The multi-armed bandit (MAB) problem (or simply bandit problem) has received much attention due to a wide range of applications, e.g., clinical trials Thompson (1933), economics Schlag (1998), routing Awerbuch & Kleinberg (2004), and ranking Radlinski et al. (2008). The MAB problems are sequential decision problems, where at each round, a learner selects an action (or arm) from candidates and receives a reward for the selected action. The learner makes decisions based on the observations such as the sequence of past rewards and the selected actions, and would like to maximize the cumulative reward, or equivalently to minimize regret, defined as the difference between the cumulative reward and that achieved by always playing the best arm/action.
The learner often can access to contextual information in addition to rewards and selected actions, which are referred as contextual MAB Langford & Zhang (2008). Examples include personalized recommendation Bouneffouf et al. (2012), web server defense Jung et al. (2012) and information retrieval Hofmann et al. (2011). For instance, the learner see feature vectors associated with each of arms at every round . To address the problem, one has to assume a hypothesis set consisting of functions from the feature vectors to an action that will give the best expected reward. The linear hypothesis set is simple and widely used, where each hypothesis is defined by a coefficient vector and predicts an optimal action as The linear hypothesis set assumes that the expected reward of action at round is defined by with a hidden coefficient vector which is referred to as linear payoff and also called linear realizability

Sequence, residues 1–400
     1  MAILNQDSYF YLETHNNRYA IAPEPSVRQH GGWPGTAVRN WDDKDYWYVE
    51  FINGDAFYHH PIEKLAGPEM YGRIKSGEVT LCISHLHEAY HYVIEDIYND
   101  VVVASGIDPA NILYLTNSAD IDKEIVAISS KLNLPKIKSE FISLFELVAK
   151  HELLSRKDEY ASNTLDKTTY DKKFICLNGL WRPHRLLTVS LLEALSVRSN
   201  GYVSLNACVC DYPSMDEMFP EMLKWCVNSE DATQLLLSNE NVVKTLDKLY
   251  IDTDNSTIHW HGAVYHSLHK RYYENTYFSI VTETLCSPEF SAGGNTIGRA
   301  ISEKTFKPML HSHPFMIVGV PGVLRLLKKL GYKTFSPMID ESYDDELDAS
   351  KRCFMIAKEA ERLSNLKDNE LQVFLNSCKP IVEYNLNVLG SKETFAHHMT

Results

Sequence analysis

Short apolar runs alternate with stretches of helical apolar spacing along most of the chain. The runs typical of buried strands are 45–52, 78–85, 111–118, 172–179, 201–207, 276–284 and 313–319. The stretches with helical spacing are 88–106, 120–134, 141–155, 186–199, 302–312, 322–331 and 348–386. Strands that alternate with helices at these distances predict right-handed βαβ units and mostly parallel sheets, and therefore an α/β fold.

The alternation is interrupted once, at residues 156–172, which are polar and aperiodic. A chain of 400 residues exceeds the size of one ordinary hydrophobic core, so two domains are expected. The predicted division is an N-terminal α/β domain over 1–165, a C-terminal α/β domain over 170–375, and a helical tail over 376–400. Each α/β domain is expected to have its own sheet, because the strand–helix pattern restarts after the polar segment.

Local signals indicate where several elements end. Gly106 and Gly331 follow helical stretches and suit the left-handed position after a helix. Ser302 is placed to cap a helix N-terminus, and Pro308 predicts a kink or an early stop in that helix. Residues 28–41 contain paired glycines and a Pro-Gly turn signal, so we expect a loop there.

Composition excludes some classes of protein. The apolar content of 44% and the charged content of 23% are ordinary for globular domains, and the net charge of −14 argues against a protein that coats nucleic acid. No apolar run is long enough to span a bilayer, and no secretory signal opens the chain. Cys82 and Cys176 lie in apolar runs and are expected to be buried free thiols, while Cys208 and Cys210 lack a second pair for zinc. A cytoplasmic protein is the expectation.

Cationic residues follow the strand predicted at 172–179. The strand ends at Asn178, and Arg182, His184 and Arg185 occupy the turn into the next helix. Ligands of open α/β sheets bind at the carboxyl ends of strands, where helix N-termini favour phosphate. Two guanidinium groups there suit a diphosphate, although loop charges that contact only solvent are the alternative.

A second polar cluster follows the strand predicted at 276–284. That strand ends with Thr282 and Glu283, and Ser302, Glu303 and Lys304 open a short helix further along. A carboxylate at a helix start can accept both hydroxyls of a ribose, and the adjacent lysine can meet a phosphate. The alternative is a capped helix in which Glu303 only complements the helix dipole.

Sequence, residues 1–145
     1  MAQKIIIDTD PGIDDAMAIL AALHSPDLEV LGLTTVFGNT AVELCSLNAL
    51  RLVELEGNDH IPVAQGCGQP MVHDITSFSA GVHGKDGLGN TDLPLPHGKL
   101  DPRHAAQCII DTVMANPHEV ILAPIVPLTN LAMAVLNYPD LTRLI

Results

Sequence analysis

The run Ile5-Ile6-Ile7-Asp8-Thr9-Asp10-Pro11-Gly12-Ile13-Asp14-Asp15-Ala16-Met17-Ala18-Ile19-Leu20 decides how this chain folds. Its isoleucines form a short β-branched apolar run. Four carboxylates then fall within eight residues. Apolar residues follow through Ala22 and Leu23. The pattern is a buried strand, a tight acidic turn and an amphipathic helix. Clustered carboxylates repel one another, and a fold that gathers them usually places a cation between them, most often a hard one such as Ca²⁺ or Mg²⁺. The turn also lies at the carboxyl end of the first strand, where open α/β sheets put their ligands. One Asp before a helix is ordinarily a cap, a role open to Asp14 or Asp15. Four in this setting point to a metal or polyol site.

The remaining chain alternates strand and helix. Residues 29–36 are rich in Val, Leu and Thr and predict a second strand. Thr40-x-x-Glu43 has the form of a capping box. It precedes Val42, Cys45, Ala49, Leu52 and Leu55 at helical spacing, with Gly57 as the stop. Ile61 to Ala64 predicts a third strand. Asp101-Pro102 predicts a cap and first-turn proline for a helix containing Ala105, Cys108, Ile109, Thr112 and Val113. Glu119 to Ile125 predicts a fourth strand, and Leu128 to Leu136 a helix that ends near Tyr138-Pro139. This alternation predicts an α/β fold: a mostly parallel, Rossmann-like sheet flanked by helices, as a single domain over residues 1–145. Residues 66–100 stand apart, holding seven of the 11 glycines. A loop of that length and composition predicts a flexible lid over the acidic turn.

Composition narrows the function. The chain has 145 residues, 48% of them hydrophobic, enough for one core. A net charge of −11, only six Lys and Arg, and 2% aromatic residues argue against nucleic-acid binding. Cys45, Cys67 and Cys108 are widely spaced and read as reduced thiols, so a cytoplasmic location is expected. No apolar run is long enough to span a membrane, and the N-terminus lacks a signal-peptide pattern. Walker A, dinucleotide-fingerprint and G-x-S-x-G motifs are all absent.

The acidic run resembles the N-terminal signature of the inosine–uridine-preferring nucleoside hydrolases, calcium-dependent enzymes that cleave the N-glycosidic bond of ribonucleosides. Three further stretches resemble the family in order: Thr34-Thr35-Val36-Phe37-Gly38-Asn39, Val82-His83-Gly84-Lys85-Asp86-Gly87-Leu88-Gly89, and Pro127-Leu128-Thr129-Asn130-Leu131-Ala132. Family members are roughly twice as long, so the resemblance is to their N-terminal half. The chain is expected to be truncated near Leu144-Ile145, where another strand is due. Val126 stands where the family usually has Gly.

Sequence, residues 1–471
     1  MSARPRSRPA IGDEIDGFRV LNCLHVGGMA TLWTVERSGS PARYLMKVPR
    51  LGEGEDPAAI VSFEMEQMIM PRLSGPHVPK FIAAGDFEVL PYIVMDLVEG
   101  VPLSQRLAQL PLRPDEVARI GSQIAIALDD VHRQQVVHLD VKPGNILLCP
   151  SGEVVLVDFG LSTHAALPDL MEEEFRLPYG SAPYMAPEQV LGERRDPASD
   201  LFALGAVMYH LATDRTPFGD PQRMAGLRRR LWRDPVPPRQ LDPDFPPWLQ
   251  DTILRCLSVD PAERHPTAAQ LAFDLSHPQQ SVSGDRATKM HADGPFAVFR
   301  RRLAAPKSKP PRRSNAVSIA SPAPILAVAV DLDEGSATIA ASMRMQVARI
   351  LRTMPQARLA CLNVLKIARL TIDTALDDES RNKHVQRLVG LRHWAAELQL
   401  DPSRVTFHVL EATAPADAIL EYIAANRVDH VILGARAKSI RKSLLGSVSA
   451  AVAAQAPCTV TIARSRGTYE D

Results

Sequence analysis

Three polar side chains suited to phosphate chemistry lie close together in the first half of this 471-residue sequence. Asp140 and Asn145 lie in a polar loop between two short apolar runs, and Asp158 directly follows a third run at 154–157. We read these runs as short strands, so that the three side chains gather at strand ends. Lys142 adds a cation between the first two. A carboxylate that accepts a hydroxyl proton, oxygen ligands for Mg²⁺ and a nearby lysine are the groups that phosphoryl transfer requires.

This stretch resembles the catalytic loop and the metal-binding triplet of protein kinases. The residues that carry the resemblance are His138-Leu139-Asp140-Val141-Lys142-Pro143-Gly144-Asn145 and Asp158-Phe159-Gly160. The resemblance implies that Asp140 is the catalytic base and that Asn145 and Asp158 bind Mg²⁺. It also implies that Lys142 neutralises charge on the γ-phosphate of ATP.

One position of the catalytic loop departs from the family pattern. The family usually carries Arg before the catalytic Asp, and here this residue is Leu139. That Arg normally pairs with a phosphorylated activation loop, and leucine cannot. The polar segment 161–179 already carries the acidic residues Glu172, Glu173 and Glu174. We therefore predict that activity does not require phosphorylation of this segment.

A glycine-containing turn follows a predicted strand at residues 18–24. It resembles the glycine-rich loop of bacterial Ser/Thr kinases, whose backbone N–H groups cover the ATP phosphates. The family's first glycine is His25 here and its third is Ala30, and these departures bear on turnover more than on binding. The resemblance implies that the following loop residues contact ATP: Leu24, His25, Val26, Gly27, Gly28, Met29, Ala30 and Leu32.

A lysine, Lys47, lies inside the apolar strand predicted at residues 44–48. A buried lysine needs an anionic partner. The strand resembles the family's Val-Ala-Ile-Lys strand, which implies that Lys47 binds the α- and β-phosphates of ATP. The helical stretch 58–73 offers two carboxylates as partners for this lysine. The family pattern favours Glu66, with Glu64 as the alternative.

. It is an online linear regression task balancing the trade-off between exploration and exploitation.
In this paper, we study the contextual MAB problems with linear payoffs under assuming uncertainty or noise on features. Specifically, we assume that the learner cannot observe the true feature vector but noisy vector where random noise
is independently drawn from some distribution. It can incorporate statistical uncertainties of linear hypotheses, and relax the strong linear assumption on rewards, i.e., enhance the power of linear models. Furthermore, it can incorporate recent remarkable progresses in Bayesian deep learning techniquesGal & Ghahramani (2016)
that estimate feature uncertainties, i.e., the knowledge of noise distributions.
There are two main challenges in the noisy contextual MAB problem:
The learner might not extract the true hypothesis from any sequence of observations using policies defined for the noiseless contextual MAB problem, e.g. LinRel Auer (2002).
Even if the learner could learn , it is still hard to design a good exploitation policy since every arm has some uncertainty due to the noise.
Therefore, we need to redesign learning policies considering the noisy feature vectors. To the best of our knowledge, this is the first work that aims to solve the contextual MAB problems under assuming such uncertainties on features.
Contribution. We first study the simplest, but non-trivial, case that every action has the identical noise vector, i.e., for all . This eliminates the issue : the learner can find the best action after extracting the hidden coefficient vector since
However, the issue remains, e.g., LinRel might not find
. Furthermore, one has to design a new confidence interval due to the noise for balancing the exploration and exploitation trade-off. To address them, we propose a noisy version ofLinRel, coined NLinRel, having regret bound for
rounds. For the regret analysis, we use the tail inequalities of random matrices induced by noise vectors and bound the random matrix perturbation.